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6 tried and tested ways to get more Github Stars

Joe Johnston
3 min read · Dec 14, 2020

Over the last year, we’ve been building an open-source, low-code platform for developers and IT professionals. We’ve been so bogged down building the product and talking to users; we completely neglected the Budibase Github repo .

A trifling 83 stars in November presented a bleak assessment of the impact our repository had on passersby.

So, a few weeks back, we decided to give more thought to our Github repository. I would like to stipulate, we do not treat stars as the primary currency of successful open source projects. But, we do feel they serve an important role when it comes to trust and adoption.

We’re proud of our results so far. You can view a live version of this chart .

Our objective is to get to 1000 ⭐s by the end of January, and we’re confident we can do it if we increase the value of our repository and continue to utilize the following 6 methods:

1. Update your Github Readme

Our old Github Readme consisted of a title and an outdated way to run Budibase - that was it! This had to change. It provided negative value.

So, we went about changing it. We decided from the outset, we wanted the Readme to be clean, inviting, and informative. It’s not the finished article, but it’s a step in the right direction and we’ve received great feedback from our users. Here’s a quick glimpse.

Budibase Github Readme

You can access the Readme here .

2. Get email involved

When a user signs up for Budibase, we send an automated email. We previously sent a general ‘Welcome to Budibase’ email including a number of CTAs signposting the user to different Budibase channels.

We immediately changed the blurb to focus on community/building an ecosystem. And we now signpost sign-ups to Github, informing them this is where our roadmap, community, and code reside. We are also very direct in our ask.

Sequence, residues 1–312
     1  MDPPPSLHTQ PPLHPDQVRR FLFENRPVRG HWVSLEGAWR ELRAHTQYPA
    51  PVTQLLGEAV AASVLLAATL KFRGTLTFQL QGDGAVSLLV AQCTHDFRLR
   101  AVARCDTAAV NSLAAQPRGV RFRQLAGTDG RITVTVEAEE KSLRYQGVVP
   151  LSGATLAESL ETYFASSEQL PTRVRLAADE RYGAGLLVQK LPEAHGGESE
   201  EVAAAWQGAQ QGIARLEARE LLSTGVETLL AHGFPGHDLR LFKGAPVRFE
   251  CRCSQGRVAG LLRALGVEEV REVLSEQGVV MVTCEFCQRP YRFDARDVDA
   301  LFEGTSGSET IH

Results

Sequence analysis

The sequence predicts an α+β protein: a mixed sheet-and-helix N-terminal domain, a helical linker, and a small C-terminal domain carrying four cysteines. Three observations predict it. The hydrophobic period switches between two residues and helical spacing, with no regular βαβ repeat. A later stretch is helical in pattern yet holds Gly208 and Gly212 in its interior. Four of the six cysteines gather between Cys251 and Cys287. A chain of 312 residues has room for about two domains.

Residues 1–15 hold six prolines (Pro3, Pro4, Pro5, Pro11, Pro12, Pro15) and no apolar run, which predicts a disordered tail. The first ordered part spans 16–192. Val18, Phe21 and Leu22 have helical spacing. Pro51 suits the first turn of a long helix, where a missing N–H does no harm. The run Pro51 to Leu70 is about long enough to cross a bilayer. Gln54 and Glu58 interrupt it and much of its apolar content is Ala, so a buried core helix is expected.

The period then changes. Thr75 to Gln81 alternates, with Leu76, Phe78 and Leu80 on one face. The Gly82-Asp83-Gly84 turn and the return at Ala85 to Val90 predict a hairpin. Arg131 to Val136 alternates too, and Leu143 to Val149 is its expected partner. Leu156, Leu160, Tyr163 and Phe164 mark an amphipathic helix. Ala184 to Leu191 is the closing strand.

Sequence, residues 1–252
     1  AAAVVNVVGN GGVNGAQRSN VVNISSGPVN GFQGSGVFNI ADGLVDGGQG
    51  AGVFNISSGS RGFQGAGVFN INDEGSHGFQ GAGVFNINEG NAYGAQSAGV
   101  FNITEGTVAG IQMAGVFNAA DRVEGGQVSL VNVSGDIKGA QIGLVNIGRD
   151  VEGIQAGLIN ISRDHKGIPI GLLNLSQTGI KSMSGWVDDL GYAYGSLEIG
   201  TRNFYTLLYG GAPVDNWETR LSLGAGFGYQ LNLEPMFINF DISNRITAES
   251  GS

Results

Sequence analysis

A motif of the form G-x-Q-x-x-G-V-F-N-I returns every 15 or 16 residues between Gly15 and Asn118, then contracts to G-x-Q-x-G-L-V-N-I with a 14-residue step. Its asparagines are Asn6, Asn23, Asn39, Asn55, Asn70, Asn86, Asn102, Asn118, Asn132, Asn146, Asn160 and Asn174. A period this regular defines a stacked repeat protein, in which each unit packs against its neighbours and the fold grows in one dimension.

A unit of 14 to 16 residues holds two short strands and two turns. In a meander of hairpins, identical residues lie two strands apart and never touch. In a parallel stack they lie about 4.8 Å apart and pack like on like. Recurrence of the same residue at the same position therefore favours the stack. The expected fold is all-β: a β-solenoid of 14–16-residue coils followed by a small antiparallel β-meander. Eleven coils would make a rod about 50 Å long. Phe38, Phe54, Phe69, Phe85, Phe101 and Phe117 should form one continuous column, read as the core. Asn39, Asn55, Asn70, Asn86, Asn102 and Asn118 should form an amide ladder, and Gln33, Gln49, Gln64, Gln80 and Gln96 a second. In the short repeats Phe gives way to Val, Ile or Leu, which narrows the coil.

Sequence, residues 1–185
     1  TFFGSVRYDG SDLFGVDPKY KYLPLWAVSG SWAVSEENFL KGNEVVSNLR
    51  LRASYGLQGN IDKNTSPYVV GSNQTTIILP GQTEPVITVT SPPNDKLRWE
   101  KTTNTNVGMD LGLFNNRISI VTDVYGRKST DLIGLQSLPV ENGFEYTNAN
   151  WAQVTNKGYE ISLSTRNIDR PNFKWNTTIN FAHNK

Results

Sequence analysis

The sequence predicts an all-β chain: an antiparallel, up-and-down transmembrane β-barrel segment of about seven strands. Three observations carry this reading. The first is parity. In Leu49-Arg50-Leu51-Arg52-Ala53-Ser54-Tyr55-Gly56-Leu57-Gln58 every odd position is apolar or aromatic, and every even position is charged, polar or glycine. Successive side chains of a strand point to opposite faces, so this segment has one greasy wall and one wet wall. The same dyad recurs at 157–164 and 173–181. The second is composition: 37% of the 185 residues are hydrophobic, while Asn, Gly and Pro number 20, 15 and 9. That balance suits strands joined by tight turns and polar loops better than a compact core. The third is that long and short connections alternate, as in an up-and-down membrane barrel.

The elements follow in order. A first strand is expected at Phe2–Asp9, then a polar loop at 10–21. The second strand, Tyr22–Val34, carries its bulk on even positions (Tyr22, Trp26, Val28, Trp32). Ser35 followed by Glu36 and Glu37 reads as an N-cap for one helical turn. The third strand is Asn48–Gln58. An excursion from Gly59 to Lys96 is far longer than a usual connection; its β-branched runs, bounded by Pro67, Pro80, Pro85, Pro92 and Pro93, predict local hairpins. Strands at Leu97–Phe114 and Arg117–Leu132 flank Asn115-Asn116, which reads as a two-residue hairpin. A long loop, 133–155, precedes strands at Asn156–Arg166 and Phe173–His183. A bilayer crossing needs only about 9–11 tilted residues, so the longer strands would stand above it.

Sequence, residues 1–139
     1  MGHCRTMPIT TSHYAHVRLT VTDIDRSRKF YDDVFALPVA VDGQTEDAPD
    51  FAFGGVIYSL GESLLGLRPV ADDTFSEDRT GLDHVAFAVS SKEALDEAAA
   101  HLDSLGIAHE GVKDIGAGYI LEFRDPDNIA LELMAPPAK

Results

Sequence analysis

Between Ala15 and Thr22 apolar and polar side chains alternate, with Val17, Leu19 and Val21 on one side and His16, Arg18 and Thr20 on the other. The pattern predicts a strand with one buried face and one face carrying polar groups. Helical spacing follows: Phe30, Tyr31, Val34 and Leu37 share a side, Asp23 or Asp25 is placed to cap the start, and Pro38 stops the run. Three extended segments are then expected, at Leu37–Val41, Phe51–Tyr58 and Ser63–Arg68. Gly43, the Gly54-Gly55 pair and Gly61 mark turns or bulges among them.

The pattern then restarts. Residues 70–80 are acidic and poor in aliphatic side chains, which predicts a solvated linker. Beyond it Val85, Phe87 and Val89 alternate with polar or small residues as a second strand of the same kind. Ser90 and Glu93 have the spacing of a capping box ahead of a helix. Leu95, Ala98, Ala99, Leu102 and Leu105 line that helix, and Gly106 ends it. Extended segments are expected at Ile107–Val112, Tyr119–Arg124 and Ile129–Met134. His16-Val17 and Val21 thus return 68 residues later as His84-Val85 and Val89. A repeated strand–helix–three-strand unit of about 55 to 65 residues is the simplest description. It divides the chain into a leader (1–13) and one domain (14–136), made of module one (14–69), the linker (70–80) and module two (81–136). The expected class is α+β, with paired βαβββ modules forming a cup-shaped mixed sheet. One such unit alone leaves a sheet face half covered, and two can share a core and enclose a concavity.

Welcome to Budibase email

3. Add a Github CTA to your website

We get around 25,000 website visits per month. This presented us with a great opportunity to highlight our investment in Github. We decided to add a Github CTA (call to action) to our primary navbar.

Today, our website is our primary external referrer to our Github page.

Github button on the website

You can see the button on the website here .

4. Social pointing

We communicate a lot on Twitter and we would often point people to our website. We decided, going forward, we will also point users to our Github repository. Twitter is a popular referrer to our Github page.

Budibase Twitter

5. Github Discussions

We previously managed our community on Discourse. We decided to make the move to Github Discussions and it’s been a great experience to date. They are continually releasing new features, and for an open-source product, it’s nice to have your community beside your code. It’s also nice to have your community beside the Github Star button too!

Budibase Github Discussions

6. Public roadmap (on Github)

Budibase is open source, so it’s important our roadmap is public so users understand what’s coming down the line, and provide feedback. We use Github Projects to manage our roadmap , and like Discussions, it’s great having our users on Github where they can star us, contribute, and collaborate with others.

Budibase roadmap

And that’s our secret sauce. I hope this post helps you find additional Github stars for your project. There are many, many great projects out there that don’t get the attention they deserve due to a lack of stars.

If you have any questions or ideas, please reach out in the comments and I will do my best to help. Also, if you get a chance, star our repo . Please include your repo below - I’ll check it out and give it a star - everyone deserves a boost in life!

Thanks! Joe